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This blog post was written by Fall 2014 SOHP Undergraduate Intern Rachel Worsham

Photo on 8-27-14 at 12.52 PMAs a history student at UNC, naturally, I spend most of my semester holed up in the library drowning in research paper after research paper. Doesn’t sound that bad, right? Well, not so much. Hours and hours of staring at books and jotting down hundreds of quotes had me asking, “Is this really the only way to experience history?” I could not pinpoint this in my earlier semesters, but I have come to realize that I was not turned off by the research itself, but with my sources, which were solely written. With this type of source, I felt I was not able to accurately understand the character of my research subject, and, for the most part, I was encountering the same type of author (those that were literate, wealthy, and prestigious enough to be published). It was not until I began my internship with the SOHP did I realize that the cure to my frustrations was staring me right in the face.

Studying and participating in the collection of oral history gave my interest in historical research a new lease on life. I discovered that experiencing history aurally rather than through text allowed me to better understand the speaker and his or her place in history. Oral history has the unique ability to capture not only the accent and inflection in a subject’s voice, but also the emotion exposed when speaking. This gives the historian the opportunity to put a voice and a distinct personality with each name and picture. Oral history certainly gave me the tools that I needed to finally fully understand my research subjects, allowing me to depict them more honestly and interpret them more effectively.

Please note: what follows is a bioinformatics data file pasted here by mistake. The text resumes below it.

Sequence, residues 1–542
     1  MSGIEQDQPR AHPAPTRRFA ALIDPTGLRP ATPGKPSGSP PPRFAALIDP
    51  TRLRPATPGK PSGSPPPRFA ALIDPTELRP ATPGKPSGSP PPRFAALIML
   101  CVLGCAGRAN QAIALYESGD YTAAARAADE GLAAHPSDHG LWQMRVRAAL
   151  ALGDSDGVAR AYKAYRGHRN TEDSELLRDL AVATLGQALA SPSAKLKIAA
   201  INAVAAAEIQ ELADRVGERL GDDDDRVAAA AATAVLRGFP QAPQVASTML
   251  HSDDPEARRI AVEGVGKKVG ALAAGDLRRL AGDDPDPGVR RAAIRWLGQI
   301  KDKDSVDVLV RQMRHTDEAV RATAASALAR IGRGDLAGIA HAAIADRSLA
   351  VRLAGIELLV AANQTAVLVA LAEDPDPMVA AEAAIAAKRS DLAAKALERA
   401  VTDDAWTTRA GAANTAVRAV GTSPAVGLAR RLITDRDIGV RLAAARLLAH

Perhaps my most favorite aspect of oral history is its focus on not only society’s elite movers and shakers, but also ordinary people. Over the years, I’ve found that it is very difficult to find the stories of your average student, janitor, or teacher in the University’s library. Without these testimonies it’s rather challenging to piece together an accurate historical record of a significant event. More importantly, without the stories of everyday people, whose story are we telling? Certainly it’s not a story everyone can relate to, as we are all not high-ranking activists, politicians, or intellectuals. In my experience, learning about feminism from local students, professors, and townspeople has allowed me to form an in-depth understanding of the movement and its effect on women like myself.

If my time with the SOHP has taught me anything, it’s that everyone’s life story is valuable and, as so well stated in our motto, “you don’t have to be famous for your life to be history.”

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